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Gazette opinion: 'Chronic high utilizers' costing millions

Gazette opinion: 'Chronic high utilizers' costing millions

First responders

First responders from Billings Police, Fire and AMR wear personal protective equipment (PPE) as they prepare to take a transient man who was intoxicated and coughing to the hospital on April 17, 2020.

The Billings Police Department's recent Community Impact Study could not be more succinct.

It relates, in matter-of fact language, the staggering cost of the department's downtown "chronic high utilizers" — some 93 individuals who had 15 or more law enforcement contacts in 2020. Those contacts included citations, warnings, warrants and arrests for trespassing, open container, and public urination.

Those 93 individuals' number of contacts with law enforcement ranged from 15 to 393 each — a total of 5,601 contacts. The Police Department spent $2,587,665 in employee resources for the chronic high utilizers' 634 warnings issued, 547 citations issued, 1,504 arrest reports submitted, and 633 active warrants.

For purposes of the report, the department submitted the 93 chronic high utilizers' names to Billings Clinic, St. Vincent Healthcare, American Medical Response and the Billings Fire Department.

The 93 people had a total of 2,110 visits to the two hospitals — 863 to St. Vincent and 1,247 to Billings Clinic. Doubtless, most of those visits involved ambulance services. But American Medical Response and the Billings Fire Department couldn't come up with accurate estimates for their expenses. The hospitals, however, incurred huge "unreimbursable care delivery" expenses — $2.6 million for St. Vincent and $5.1 million for Billings Clinic.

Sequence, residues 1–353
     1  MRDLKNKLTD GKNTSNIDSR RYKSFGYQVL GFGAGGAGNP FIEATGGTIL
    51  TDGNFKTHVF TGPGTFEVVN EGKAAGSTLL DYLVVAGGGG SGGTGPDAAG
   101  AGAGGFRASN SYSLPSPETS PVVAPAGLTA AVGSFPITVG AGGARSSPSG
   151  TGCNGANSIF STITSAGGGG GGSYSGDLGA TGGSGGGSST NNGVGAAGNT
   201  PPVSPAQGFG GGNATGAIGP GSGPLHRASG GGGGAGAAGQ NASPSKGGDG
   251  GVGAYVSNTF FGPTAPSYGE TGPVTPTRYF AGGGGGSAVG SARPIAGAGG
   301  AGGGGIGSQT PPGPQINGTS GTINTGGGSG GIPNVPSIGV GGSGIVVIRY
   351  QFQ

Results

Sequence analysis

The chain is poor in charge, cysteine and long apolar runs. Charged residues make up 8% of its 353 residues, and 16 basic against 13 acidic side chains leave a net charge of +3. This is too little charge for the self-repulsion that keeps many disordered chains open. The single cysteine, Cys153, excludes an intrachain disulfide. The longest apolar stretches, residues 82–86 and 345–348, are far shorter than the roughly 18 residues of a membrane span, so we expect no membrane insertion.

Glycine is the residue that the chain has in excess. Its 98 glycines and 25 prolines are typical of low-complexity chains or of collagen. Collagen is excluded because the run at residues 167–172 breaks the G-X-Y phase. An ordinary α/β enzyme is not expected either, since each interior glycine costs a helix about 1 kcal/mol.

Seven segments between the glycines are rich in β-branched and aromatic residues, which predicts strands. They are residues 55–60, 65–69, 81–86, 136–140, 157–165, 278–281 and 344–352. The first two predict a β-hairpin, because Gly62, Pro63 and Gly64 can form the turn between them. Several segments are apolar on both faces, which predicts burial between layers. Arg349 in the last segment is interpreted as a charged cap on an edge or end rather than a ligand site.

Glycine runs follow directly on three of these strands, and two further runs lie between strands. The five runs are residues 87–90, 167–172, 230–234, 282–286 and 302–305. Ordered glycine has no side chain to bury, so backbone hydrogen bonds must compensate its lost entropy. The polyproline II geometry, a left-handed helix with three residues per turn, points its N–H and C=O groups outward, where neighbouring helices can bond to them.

Bottom line, with only three-fifths of emergency responders' expenses included, the 93 "chronic high utilizers" ran up estimated costs of $10.3 million.

Of course, there are certainly many others in the next rank of "high utilizers" as well.

The report clearly shows the depth of the problem the city faces. It acknowledges the need for further analysis and the formulation of a nontraditional law-enforcement approach.

It also proposes common-sense measures, including increasing jail infrastructure — most of arrestees could not be taken to the jail in 2020 because of chronic crowding — and trying to fill the gap between jail and hospital with a "sobering center," used as a diversion to protect emergency room and jail beds. It points out that other cities have found such a center to be an invaluable resource in managing these populations.

It concludes, "Without serious dialog between all parties involved in the medical services, medical health and addiction services, and emergency response, millions of dollars and high amounts of employee resources will continue to be spent on a small fraction of the population."

We couldn't agree more, and we are grateful for the Police Department's proactive work in preparing this report. The next move is up to community decisionmakers, and these startling numbers suggest they should not temporize.

We fully support swift, decisive investment to end this drain on public resources.


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